MAKE THE WORLD GO AWAY
Have you ever felt like you just wanted the world to go away? The real name for this feeling is sensory overload and this can hit any one, at any time, and at any age. Nothing is majorly wrong with us if we ever feel this way. We all have these moments of anxiousness, some more than others. Really, it is my belief that some of us are better at knowing what strategies to use to help in overcoming sensory overload. These are the strategies that work for me and in today's times, I just thought it might be a good idea to share some of them.
Some of the things that can take my senses to an overload status can be a tv or music that is just way too loud for me to enjoy, or being at a public pool where the noise level is way out of control. When I was working at a school, walking into the school cafeteria where 350 children were all eating or in line getting ready to eat or in line to throw their trash away and all speaking loudly to be heard over the other 349 children yelling -- this was most definitely a BIG sensory overload for me.
Then throw in the smells of the food and the lighting, not to mention the smell of the mop water cleaning up the messes made. I had trouble walking in the cafeteria and then one day the administrative team, of which I was a part of, came up with the wonderful (not) idea of helping the teacher assistants out so they could do their jobs of tutoring the kindergarten students. This was a good thing. The Superintendent and his Board took away more than half of the assistants we had. So who lost out? The children. There was no one to tutor them during the three hours that it took to have lunches going on in our large school. We, as the admin. team each had a 30 minute duty. It was just about all I could do to help out in this way. There were some parents and teachers who told us that we should have a silent lunch. We decided as a team that it just was not quite fair to do that. They needed a time to talk with one another after being quiet in their classroom environment. All we could do was to walk up and down and try to stop the ones who were yelling or getting up out of their seats or God forbid throwing food across the room. Sound easy? Go volunteer for a day and find out for yourself. I quickly learned some strategies that helped me deal with this overload just to make it through the 30 minutes.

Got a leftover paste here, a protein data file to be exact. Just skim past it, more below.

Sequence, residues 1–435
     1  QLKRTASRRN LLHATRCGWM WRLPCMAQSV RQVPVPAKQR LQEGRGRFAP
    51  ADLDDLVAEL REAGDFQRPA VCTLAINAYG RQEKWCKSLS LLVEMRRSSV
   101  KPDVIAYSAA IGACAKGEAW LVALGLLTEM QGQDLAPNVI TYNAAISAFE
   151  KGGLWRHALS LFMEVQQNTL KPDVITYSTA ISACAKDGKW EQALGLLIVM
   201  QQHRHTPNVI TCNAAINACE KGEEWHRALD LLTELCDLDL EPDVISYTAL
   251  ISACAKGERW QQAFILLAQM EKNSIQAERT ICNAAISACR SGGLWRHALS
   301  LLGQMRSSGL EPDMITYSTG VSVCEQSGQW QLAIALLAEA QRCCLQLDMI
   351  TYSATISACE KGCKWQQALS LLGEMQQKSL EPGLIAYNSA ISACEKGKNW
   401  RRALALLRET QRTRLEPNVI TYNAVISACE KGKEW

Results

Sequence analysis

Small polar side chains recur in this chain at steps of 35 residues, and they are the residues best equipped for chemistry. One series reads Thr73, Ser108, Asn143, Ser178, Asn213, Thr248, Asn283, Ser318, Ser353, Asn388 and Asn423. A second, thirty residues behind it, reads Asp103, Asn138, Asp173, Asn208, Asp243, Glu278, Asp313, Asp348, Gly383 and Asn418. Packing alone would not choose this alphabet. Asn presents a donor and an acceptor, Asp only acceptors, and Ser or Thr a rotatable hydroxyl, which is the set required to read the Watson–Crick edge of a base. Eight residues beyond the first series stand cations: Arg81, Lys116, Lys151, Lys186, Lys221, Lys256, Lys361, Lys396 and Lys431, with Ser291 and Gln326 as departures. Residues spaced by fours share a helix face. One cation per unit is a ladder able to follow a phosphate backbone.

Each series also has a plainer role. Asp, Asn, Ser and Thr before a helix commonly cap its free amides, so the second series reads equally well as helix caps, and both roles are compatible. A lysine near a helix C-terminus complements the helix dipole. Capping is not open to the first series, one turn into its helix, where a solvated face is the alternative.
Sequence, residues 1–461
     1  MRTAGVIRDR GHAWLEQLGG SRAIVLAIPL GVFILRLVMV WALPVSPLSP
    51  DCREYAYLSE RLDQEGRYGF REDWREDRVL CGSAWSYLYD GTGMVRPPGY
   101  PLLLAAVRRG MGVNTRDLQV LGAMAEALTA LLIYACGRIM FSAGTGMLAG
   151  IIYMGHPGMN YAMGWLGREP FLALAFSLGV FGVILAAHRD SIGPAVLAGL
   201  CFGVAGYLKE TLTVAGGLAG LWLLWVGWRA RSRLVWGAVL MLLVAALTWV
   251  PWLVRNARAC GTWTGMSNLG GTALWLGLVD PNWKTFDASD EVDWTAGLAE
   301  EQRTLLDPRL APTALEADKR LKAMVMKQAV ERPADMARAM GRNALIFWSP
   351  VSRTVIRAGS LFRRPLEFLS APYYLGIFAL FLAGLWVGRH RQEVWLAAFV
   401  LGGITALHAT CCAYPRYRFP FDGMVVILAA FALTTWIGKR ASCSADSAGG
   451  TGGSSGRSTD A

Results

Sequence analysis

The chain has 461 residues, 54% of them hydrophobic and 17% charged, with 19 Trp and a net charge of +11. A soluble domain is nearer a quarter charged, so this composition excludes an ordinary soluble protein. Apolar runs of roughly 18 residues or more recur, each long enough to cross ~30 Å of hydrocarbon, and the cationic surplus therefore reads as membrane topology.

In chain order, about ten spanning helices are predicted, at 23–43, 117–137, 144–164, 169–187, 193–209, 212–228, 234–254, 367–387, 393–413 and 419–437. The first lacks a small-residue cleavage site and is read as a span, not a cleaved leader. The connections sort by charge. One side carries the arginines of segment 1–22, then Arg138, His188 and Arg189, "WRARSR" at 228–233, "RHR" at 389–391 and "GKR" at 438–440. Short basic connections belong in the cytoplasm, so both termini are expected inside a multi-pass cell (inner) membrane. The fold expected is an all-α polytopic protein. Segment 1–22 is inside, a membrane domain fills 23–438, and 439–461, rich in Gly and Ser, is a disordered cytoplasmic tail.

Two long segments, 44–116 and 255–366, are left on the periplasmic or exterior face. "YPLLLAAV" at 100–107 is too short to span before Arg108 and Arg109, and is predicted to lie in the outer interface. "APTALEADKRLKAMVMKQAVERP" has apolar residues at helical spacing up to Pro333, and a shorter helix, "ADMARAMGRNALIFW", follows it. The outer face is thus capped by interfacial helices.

I could not wear headphones.
Inappropriate! Also, a weighted vest was just too hot to wear. I did put on a apron to help protect my clothes from food on little ones hands or milk that was knocked over just as I walked by. So I just thought of it as my weighted vest using my imagination.
I chewed gum to help get my mind where it needed to be. I thought about that bubble bath when I was able to go home to get all of the gunge off of me.
Plus, I used my journal to validate my feelings; that it was ok to feel this way. I had to make a sense of some kind of control over what seemed to be uncontrollable things. That helped to soothe my soul.
Thinking of what dinner my husband and I would put together and then what movie we would watch together. He really did know that I could not take some loud and crazy action movie. Actually, even though retired for a few years now, I still can't take loud music or movies. Guns going off and yelling in a movie just make me more anxious. I need movies like When Harry Met Sally, Love Actually, Steel Magnolias, etc. He watches the loud movies with headphones while I write, paint or read. What a saint he is!
A great strategy that works for me now is to talk it out with my dogs. They always listen and never judge me or talk back.